Since U.S. News & World Report began ranking colleges 30 years ago, that magazine has discovered a niche in the ratings industry. USN&WR ranks careers, hospitals, businesses and world leaders, but the magazine's biggest market has been its rankings of everything having to do with education -- undergraduate institutions, doctoral and masters programs, and public high schools.

Of course, given the commercial success of USN&WR's annual college rankings edition, competitors were bound to spring up. Fifteen years ago, Newsweek Magazine jumped into the fray by introducing the first national rankings of high schools.

Two weeks ago USN&WR released its best high school list and this week Newsweek and the Daily Beast published their annual high school rankings.

While it may be comforting to think that it's possible to qualitatively compare educational institutions, the reality is that the major rankings are subjective evaluations based upon largely arbitrary classification schemes. The problem is that people often ignore the evaluators' suspect methodologies and accept the ratings at face value.

For many years, Newsweek ranked high schools according to an index developed by Washington Post education reporter Jay Mathews. The Post continues to use the Mathews metric, in which schools are ranked based upon how many college-level tests the schools give. There is no attempt to evaluate how students perform on the tests, and many of the schools on Mathews' most recent list received poor ratings from their own state boards of education. Many of the schools failed to make Adequate Yearly Progress under the No Child Left Behind federal mandates.


Advertisement

Mathews nevertheless defends his rankings because they encourage schools to challenge students -- often beyond their capabilities -- and because his rating formula is easily understood.

Without a clear performance measure, however, ranking a school by how many tests it gives is comparable to judging school quality by the number of colors of paint on its buildings or varieties of fruit offered in its cafeteria.

At face value, the USN&WR and current Newsweek high school rankings appear to do a better job than the Post.

The U.S. News rankings purport to measure the schools that are best at serving all their students and were derived in three steps. First, schools are evaluated as to whether their students perform better than statistically expected based on the economic mix of the school when compared with other schools in the state.

Second, schools are evaluated as to how their non-Asian minority populations perform relative to state averages. Finally, schools are judged based on how well they prepare students for college using results from the International Baccalaureate (IB.) and Advanced Placement (AP) exams.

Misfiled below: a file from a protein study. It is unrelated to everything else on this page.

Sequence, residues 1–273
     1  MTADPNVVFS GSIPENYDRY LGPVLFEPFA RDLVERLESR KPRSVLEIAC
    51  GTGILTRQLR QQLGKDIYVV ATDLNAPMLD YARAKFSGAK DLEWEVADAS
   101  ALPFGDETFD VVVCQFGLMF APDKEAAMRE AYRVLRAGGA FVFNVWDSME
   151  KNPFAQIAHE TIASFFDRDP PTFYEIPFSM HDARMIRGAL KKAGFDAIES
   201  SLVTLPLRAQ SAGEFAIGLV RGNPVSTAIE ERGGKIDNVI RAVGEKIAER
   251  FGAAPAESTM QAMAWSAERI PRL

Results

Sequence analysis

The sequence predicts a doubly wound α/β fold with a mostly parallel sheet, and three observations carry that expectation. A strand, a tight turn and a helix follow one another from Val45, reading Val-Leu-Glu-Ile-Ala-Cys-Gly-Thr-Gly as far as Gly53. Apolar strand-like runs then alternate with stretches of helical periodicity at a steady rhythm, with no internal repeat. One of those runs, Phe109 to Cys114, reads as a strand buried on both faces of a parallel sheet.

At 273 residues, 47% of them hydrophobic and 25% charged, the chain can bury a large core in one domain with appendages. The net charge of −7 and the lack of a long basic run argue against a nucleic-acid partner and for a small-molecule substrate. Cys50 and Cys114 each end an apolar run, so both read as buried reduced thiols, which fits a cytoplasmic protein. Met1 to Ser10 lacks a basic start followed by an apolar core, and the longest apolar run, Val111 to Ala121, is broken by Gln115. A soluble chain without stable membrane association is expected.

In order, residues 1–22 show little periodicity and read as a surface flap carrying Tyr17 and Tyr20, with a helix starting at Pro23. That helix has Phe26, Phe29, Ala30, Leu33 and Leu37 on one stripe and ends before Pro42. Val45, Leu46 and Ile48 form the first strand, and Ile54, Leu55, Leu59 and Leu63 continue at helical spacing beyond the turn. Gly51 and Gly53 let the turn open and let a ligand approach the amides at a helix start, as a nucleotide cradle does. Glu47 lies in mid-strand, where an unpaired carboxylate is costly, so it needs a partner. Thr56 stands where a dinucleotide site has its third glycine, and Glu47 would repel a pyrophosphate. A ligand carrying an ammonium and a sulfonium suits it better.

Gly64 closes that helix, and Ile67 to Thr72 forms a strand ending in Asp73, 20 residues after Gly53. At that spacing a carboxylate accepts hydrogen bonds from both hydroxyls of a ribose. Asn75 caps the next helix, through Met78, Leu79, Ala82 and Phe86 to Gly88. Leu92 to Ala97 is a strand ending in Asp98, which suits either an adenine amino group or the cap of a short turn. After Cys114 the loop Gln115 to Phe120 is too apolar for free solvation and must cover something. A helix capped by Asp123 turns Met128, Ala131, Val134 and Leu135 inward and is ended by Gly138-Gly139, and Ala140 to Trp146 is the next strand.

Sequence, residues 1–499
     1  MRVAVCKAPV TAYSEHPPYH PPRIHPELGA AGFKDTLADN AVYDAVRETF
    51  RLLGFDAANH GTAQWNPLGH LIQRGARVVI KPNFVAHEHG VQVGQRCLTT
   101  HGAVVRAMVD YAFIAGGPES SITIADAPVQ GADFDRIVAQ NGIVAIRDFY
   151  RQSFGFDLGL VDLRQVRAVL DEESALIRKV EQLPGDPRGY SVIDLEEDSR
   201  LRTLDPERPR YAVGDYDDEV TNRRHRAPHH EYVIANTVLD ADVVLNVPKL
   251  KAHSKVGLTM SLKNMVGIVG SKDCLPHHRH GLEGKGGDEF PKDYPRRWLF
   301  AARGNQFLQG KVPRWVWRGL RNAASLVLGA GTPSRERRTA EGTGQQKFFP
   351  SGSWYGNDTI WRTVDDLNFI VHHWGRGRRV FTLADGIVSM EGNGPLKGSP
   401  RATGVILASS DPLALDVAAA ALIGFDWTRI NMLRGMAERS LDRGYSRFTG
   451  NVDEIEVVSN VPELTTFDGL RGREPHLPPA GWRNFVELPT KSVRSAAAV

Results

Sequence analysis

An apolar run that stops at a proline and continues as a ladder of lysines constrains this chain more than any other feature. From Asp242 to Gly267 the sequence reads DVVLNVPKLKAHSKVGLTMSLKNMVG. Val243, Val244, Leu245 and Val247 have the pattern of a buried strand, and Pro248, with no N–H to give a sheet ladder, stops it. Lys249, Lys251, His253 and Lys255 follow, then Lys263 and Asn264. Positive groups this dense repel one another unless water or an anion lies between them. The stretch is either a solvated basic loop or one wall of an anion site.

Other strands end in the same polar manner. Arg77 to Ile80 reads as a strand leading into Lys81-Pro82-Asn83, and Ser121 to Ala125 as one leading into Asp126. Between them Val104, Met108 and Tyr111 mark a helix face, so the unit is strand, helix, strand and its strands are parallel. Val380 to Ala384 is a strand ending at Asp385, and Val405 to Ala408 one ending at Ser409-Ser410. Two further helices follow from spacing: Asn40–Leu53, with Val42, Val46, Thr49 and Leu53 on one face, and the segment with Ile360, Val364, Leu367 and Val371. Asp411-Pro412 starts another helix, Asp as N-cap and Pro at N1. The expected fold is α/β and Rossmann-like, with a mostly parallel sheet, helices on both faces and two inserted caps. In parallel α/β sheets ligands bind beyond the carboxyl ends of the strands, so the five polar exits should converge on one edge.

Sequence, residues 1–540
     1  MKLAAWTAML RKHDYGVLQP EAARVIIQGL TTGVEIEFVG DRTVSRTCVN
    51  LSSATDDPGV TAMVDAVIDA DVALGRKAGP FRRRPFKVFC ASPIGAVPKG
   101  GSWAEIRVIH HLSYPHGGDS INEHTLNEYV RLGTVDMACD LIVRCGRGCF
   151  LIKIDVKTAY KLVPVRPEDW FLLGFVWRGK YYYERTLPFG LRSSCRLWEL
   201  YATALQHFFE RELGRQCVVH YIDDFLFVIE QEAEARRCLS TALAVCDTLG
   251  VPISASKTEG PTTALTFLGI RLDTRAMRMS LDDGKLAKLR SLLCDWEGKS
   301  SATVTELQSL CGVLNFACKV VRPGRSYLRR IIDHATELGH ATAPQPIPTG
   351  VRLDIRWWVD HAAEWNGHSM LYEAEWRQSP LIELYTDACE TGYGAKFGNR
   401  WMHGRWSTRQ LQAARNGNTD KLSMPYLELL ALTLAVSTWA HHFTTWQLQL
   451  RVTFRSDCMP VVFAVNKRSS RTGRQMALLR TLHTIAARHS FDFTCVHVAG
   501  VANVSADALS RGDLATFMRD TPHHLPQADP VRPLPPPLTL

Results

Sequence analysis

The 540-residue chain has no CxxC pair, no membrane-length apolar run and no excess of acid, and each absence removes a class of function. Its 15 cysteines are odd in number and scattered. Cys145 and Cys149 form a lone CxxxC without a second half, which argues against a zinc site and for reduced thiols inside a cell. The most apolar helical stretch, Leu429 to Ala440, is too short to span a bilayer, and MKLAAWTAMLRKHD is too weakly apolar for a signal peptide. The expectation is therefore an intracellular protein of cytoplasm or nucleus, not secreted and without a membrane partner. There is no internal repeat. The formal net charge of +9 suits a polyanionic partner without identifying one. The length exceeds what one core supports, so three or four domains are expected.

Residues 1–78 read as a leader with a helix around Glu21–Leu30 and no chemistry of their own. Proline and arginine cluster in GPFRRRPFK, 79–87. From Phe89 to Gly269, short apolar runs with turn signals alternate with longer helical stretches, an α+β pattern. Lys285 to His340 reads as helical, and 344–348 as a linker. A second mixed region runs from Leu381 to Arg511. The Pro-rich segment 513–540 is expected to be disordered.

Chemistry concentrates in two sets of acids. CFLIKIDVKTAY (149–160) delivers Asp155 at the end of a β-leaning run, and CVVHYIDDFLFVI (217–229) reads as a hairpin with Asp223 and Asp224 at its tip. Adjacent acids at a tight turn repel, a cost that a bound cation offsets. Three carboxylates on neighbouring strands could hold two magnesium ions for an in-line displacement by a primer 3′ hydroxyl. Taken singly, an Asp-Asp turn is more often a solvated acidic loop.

Newsweek has modified Mathews' formula, emphasizing what it calls the best indicators of college readiness: graduation rates, participation in college-level classes via AP and IB. programs, and acceptance into a two- or four-year college program.

The top-rated school nationally, according to the USN&WR rankings, is the School for the Talented and Gifted (TAG) in Dallas. TAG ranks fifth according to Newsweek and third on the Washington Post list. TAG is a magnet school -- as are many of USN&WR's, Newsweek's and the Post's top high schools -- generally accepting only the smartest applicants. So, TAG and many of the "nation's best public high schools" accept an economic and racial cross-section of academic all-stars.

Does that mean that TAG is a great high school or that others on the various lists are great? Not at all. None of the rankings attempt to measure students' progress, so it's impossible to know how the supposedly best high schools contribute to students' growth.

Paraphrasing the famous aphorism about the first President Bush, that he was born on third and thinks he hit a triple, the high schools on the various lists begin miles ahead of the game and are then judged as if they started along side all other public high schools. Without a value-added measurement though, the rankings tell us nothing about how well the schools serve the students they've picked.

School rankings may sell magazines and newspapers and popularize websites, but no one should be fooled into thinking that they are good measures of school quality.

Patrick Mattimore taught high school in the Bay Area for many years and now lives in Thailand.